When Japan formed in 1974, the band had a long way to go to reach the brilliance of its third studio album, Quiet Life. Still, the signs were encouraging – although a little too obsessed with the style and sound of glam rockers the New York Dolls, it was clear that David Sylvian (vocals, guitar, keyboards), brother Steve Jansen (drums) plus Richard Barbieri (keyboards) and Mick Karn (bass guitar) were prodigiously talented. Indeed, as their confidence grew they managed to step out of the shadows of their idols, and become very much their own men.
The band started at Catford Boys School, South London, as a way of escaping the boredom of their surroundings. The name was a working title, used in lieu of a better one that they never thought of. Clearly in love with Roxy Music and David Bowie, they were natural followers of the British ‘art school pop’ tradition, but when lead guitarist Rob Dean joined in 1977 and they signed to the Hansa-Ariola label, their horizons expanded. Their first two LPs, Adolescent Sex and Obscure Alternatives, were largely overlooked by the new wave-obsessed British pop market of 1978. Then Japan hooked up with Euro disco producer Giorgio Moroder, who co-wrote and produced the single Life In Tokyo – and things would never be the same again…
The stage was set for the band’s third long-player, Quiet Life. Released worldwide on December 1979 (but delayed in the UK until January 1980), it showed the flowering of the band into a fully-rounded synth pop combo – just at the right time. Indeed, it’s easy to argue that Japan was the original New Romantic band – even though David Sylvian repeatedly refuted the claim. The new decade saw an explosion in colourful, quirky synthesiser-dominated music and Japan was at the forefront. Quiet Life is a fascinating work, deftly melding Low-era Bowie, Roxy Music and Lou Reed with disco, funk and even punk. For the first time, we saw David Sylvian dropping his vocals down to baritone, and singing in a stylised way that many British electropop bands soon copied.
It combines sharp, expansive, uptempo songs like the title track Quiet Life, with slow, atmospheric, brooding tracks like In Vogue and The Other Side of Life. Musically it is intelligent, sophisticated and more eclectic than any of its contemporary releases – and showcases the superb musicianship that the band had by now achieved. Mick Karn’s fretless bass guitar playing went on to influence a whole generation of eighties bass players, and provides a slippery, supple underpinning to the rigid electronic backing. Extensive use was made of analogue sequencing, and the edgy guitar sounds were replaced by smoother synthesised textures. Rob Dean used an ebow on most tracks, and the production was awash with phasers and flangers, with heavy harmonising on the vocals. The result was an introspective and quite dark sounding album, but full of beguiling melodies and tender, thoughtful lyrics.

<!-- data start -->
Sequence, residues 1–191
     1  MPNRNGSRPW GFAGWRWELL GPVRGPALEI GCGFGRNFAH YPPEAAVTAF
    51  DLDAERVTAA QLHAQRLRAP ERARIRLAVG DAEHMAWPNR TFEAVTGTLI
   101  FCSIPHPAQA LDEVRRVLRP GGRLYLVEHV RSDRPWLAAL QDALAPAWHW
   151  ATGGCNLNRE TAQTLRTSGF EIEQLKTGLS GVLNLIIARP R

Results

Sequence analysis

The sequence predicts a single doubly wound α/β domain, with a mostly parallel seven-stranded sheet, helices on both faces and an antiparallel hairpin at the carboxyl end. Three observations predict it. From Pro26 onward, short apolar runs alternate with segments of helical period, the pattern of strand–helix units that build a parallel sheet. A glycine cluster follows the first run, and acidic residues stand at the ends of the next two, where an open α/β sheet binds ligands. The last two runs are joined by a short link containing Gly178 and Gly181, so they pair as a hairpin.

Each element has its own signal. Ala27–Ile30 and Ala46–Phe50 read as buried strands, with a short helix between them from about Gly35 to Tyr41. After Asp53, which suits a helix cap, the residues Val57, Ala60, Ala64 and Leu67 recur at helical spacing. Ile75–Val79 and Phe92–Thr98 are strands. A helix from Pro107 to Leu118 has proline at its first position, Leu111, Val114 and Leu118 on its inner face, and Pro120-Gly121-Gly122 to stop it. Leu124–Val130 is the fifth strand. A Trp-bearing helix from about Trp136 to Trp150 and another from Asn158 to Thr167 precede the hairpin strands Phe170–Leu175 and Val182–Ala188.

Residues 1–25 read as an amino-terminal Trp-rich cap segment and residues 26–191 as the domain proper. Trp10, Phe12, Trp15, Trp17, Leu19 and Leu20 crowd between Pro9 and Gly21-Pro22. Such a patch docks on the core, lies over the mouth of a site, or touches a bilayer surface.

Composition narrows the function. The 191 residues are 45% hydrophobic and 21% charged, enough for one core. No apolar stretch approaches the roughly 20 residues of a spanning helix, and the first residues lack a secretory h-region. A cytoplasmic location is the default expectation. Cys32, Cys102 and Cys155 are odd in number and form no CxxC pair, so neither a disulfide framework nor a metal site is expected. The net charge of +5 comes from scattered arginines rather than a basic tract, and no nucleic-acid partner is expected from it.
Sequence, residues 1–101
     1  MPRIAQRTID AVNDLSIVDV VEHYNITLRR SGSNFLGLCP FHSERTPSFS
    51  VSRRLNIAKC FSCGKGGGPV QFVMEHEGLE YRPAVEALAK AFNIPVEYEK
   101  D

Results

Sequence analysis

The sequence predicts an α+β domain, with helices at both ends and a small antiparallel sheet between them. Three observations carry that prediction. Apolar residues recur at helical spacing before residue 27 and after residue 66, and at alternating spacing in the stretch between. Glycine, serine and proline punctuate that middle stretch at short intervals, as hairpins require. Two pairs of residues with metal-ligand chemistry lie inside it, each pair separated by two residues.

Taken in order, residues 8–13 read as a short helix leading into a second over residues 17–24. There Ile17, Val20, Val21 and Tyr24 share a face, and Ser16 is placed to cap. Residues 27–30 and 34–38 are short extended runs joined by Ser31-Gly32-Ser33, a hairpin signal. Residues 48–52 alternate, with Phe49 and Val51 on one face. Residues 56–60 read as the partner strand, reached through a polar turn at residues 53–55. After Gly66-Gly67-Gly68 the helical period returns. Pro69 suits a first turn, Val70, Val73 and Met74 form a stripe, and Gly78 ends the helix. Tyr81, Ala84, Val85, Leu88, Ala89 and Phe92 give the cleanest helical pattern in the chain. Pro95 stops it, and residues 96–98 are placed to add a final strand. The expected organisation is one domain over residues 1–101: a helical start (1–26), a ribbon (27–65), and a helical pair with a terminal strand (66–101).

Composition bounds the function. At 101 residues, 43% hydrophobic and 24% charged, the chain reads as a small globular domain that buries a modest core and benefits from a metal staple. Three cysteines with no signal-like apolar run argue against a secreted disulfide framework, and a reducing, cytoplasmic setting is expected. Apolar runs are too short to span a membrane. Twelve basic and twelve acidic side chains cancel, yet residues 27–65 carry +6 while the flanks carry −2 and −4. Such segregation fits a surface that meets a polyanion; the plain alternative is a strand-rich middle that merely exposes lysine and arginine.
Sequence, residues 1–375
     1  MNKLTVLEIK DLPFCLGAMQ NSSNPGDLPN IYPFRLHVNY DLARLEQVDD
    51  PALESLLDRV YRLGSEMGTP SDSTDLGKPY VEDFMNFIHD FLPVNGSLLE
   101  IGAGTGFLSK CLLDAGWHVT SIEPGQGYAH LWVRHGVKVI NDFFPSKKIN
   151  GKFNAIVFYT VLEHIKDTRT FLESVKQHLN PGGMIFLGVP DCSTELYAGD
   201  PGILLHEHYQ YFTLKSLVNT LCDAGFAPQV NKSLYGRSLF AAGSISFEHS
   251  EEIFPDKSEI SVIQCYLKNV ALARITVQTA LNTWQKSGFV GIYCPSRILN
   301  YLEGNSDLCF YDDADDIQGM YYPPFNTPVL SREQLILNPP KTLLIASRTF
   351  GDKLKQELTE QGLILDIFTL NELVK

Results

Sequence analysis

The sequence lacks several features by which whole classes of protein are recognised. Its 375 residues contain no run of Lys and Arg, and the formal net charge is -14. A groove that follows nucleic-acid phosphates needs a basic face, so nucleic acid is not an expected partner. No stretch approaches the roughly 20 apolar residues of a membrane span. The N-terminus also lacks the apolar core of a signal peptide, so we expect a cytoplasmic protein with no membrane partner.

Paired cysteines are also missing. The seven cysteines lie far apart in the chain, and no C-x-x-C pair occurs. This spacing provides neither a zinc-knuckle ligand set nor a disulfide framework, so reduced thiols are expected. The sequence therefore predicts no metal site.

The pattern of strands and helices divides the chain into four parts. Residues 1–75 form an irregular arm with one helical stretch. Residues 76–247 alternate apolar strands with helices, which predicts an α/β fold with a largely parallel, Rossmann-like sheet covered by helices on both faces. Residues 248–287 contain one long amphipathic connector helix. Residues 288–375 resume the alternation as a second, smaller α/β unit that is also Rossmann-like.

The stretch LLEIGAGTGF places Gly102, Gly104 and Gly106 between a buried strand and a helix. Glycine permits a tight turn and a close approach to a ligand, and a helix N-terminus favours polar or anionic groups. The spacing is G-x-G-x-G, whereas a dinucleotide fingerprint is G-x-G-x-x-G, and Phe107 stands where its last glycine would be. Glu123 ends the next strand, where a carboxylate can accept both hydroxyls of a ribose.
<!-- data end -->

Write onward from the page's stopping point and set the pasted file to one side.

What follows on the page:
Quiet Life peaked at 72 in the British album charts in February 1980, but came back to reach 53 two years after its original release – getting gold status in 1984 for selling over 100,000 copies. It was the beginning of the band’s harvest years – soon they signed to Virgin and released two more superb studio LPs, Gentlemen Take Polaroids (1980) and Tin Drum (1981). The title track was re-released as a single, reaching number 19 in October 1981. Domestic squabbles caused the band to split in 1982, their last ever performance being on 16 December 1982 in Nagoya, Japan. Tantalisingly, Japan was on the brink of major commercial success – and could have broken America, just like Bowie had a decade before. Quiet Life was arguably their finest hour – a distillation of what defined them, and a foretaste of the sound that many eighties bands would strive to achieve.